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US Senate introduces $120m bill to boost normalisation with Israel

The bill names Saudi Arabia as 'key regional partner' in regional integration
Senator Bob Menendez participates in a Senate Finance Committee hearing on 22 March 2023 in Washington DC.
Senator Bob Menendez participates in a Senate Finance Committee hearing on 22 March 2023 in Washington DC (AFP)

The US Senate Foreign Relations Committee has introduced new legislation aimed at strengthening normalisation with Israel through proposals with nearly $120m in funding, and named Saudi Arabia as a "key regional partner" that would be eligible for many of those programmes.

The bill, named the Regional Integration and Normalization Act, was introduced by Senators James Lankford, Jim Risch, Bob Menendez, Jacky Rosen, Joni Ernst and Cory Booker. It aims to bolster initiatives to normalise relations between Israel and the Arab and Muslim-majority world.

"This bill capitalises on the dynamics that are profoundly reshaping the Middle East and North Africa," Menendez said in a statement.

"Further integration in this region, one marked by conflict and disunity, must be a pillar of US foreign policy moving forward. It will remain a region that is critical to US strategic interests, and we should support efforts that increase stability and prosperity for our partners and the region's citizens."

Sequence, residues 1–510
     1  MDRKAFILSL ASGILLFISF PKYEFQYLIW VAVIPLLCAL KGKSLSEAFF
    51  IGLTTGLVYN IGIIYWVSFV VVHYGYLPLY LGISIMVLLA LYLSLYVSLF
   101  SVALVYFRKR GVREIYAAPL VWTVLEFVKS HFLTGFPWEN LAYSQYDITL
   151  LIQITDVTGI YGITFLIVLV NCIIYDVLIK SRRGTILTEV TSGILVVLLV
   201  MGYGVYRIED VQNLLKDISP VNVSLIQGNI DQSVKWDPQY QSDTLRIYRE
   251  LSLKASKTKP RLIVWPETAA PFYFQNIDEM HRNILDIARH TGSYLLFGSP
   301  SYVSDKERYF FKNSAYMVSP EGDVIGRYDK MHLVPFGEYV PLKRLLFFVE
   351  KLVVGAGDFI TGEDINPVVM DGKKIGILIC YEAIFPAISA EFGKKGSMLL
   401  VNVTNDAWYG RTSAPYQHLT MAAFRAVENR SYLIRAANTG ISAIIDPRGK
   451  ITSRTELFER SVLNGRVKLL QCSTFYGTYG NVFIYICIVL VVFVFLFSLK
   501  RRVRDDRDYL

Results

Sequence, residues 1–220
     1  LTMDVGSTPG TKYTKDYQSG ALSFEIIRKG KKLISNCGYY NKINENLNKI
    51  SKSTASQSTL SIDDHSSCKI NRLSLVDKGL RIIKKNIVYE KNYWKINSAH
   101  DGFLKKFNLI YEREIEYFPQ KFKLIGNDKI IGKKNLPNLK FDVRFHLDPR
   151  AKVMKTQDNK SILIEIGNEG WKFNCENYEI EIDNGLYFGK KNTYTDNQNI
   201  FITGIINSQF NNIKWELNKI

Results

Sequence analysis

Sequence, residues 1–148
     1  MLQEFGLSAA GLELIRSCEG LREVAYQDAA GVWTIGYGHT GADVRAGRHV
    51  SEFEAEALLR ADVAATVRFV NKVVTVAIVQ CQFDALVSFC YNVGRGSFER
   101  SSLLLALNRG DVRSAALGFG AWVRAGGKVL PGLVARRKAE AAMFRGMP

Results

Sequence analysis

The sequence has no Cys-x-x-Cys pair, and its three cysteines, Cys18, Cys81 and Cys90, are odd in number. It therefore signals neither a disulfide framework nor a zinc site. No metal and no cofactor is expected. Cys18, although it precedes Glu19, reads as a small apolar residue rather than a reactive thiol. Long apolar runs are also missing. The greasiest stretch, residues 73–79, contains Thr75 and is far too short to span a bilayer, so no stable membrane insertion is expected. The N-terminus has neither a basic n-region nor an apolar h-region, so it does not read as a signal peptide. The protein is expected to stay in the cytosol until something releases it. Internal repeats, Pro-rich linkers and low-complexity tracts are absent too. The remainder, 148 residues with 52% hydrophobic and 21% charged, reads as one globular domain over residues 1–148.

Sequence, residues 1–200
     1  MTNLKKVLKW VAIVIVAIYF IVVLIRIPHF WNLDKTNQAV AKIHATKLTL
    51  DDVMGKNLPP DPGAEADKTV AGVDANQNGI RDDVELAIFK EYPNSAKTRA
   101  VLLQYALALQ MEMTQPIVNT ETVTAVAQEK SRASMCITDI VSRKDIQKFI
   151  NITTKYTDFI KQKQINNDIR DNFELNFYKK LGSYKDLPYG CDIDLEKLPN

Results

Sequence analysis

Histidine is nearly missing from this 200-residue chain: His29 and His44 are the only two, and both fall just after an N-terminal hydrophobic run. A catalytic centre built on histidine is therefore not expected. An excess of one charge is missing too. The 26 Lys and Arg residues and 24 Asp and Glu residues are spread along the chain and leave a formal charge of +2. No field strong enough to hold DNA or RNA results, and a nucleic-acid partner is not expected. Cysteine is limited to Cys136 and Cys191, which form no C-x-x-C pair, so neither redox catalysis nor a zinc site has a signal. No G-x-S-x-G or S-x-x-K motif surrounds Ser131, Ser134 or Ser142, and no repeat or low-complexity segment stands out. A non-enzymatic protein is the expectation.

The bill authorises an ambassador-level official for the Abraham Accords, establish an opportunity fund, expand normalisation and "integration", support the development of an Abraham Accords and Negev Forum Economic Partnership, and support joint cybersecurity training.

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"The US and Israel have several international agreements for cooperation in science, agriculture, cybersecurity and more, and we should build on our successful relationship and collaboration with Israel with the rest of the Abraham Accords countries," Lankford said. 

"The Abraham Accords offer us an obvious ready-made platter for good foreign policy and international cooperation, and we should continue to build on them to our strategic advantage."

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There was a deluge of reporting earlier this year, especially in the Israeli press, with updates on the Biden administration's back and forth with Israel and Saudi Arabia on the progress of normalising ties.

American hopes for an agreement rose in early May when top Biden advisor Jake Sullivan declared that Saudi-Israel normalisation was in the US national security interest.

However, last month Middle East Eye reported that the Biden administration put a chill on these reports, while Saudi Crown Prince Mohammed Bin Salman has enjoyed being courted by both Israel and the US.

Earlier this year, US Senator Kirsten Gillibrand said that expanding the Abraham Accords should not be contingent on illegal Israeli settlement building in the occupied West Bank.

"I think you can have these negotiations about the Abraham Accords regardless of any local political issue," the lawmaker told the Times of Israel.

The United Arab Emirates, Bahrain and Morocco established official ties with Israel as part of the US-brokered normalisation agreements in 2020.

Although many analysts say the Palestinian issue was not a central driver for normalisation, the UAE still billed the establishment of ties with Israel in the context of the conflict with Palestine.

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